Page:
Another last Monday in McGeary's back-room, with our irrepressible host Mary Panza & busy & lovely wait-staff, Melissa. Before we got to our featured poet, first a bit of the open mic.
I ended up (again!) 1st on the list & in tribute to the late Lou Reed read my elegy to his former band-mate, Nico, "The End" then read the lyrics to Lou's classic tune that has haunted me through many loves, "Your Pale Blue Eyes." Brian Dorn was back to read a poem about regrets for losing a friend, "My Impropriety," then the environmental piece "The Ends of the Earth." Julie Lomoe confessed that, alas, she was not a "Chelsea girl," read her poem on depression, "11 Ways of Looking at November." Tess Lecuyer read 2 old poems, "Your Curses," & another on being a Druid for Halloween. Joe Krausman read a tour de force poem written without 2 syllable words, then "Alice" (& Nixon too!).
Adam Tedesco made his debut here last month & -- Poof! -- he's this month's featured poet. He began with poems about looking at his past -- a dream sequence about his father, his poems discursive, in the first person. "My Lazy Eye" (a pun perhaps?) was a pensive piece, then some short poems "How We Grow Oaks" & "The Waltz." I liked "The Lunatic Questions" & the lyrical relationship poem "We Soften." But "Athenor" was more self-consciously poetic with its allusions to alchemy. I missed the title an interesting piece about a vision of his grandmother in the condiment aisle of a Supermarket, & the music of the Doobie Brothers. He ended with a series of "how-to" poems: "How To See the Thing," "How To Sing Our Song" (for his wife), "How To Read Stone," & the hopeful "How To Love in a Degenerate Age." He explained at one point that he has been writing for some time but not sharing his work. I'm glad he has ventured out & begun to share his interesting poems.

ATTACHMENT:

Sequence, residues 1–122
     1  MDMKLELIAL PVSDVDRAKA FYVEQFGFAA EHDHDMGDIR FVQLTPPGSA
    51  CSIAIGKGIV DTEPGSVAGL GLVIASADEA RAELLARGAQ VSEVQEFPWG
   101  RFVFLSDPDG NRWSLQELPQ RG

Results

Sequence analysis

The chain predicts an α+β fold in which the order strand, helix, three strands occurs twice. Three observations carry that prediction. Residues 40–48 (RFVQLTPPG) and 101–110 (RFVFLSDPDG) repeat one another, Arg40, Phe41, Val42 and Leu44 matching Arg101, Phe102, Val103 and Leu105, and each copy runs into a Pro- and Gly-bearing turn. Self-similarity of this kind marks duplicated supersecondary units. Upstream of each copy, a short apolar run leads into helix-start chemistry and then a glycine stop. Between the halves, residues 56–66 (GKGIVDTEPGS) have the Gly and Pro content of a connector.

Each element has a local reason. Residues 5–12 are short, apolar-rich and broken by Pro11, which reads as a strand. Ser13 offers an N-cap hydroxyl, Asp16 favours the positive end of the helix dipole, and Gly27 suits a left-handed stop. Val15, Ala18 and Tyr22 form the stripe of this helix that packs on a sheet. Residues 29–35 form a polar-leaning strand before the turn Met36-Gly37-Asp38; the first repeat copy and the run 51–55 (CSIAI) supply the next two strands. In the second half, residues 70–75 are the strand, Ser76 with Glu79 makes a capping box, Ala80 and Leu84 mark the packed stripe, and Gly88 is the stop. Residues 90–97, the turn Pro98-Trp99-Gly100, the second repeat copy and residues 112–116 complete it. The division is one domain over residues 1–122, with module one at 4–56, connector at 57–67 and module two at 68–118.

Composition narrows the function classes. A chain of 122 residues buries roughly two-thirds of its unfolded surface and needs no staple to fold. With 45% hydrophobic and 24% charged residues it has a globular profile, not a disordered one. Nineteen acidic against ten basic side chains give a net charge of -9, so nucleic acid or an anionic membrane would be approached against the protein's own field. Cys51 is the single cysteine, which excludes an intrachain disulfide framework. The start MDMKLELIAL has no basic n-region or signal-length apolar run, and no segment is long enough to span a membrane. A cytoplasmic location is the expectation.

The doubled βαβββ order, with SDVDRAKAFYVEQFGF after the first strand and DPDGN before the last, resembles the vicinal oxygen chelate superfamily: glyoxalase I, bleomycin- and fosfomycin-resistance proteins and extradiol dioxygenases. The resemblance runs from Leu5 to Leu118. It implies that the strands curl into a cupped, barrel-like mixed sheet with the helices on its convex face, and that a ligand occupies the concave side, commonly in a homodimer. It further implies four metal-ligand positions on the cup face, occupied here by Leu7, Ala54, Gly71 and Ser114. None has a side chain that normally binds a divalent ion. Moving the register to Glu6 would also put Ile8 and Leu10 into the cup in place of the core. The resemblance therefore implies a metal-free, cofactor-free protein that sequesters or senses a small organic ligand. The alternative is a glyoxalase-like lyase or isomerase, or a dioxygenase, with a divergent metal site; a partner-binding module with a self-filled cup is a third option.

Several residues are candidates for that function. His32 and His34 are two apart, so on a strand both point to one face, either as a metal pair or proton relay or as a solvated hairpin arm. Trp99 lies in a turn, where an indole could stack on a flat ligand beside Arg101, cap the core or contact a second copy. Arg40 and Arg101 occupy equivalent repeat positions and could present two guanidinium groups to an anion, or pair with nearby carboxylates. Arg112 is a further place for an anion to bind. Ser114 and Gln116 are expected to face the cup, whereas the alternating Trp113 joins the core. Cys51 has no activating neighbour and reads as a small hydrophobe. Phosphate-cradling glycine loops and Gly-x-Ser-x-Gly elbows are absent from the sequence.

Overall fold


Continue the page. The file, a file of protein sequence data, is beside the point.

Appropriately enough the next reader was a poetry virgin, Calley, with "To Coffee" & a poem for a friend "Tea." Lexington was back after a long absence with a Halloween love poem in rhyme. Maxwell Ross must have liked it here last month because he came back, this time with a poem about hot Summer sex in equally over-heated language, "Warriors of the Night." Bob Sharkey cooled us off to end the night with "Morning Seaside Prayer" for the lost fishers & the Albany vignette, "The Dutch Girls."
This reading each month on the last Monday is presented by AlbanyPoets.com at McGeary's on Clinton Square, Albany, NY -- come & read.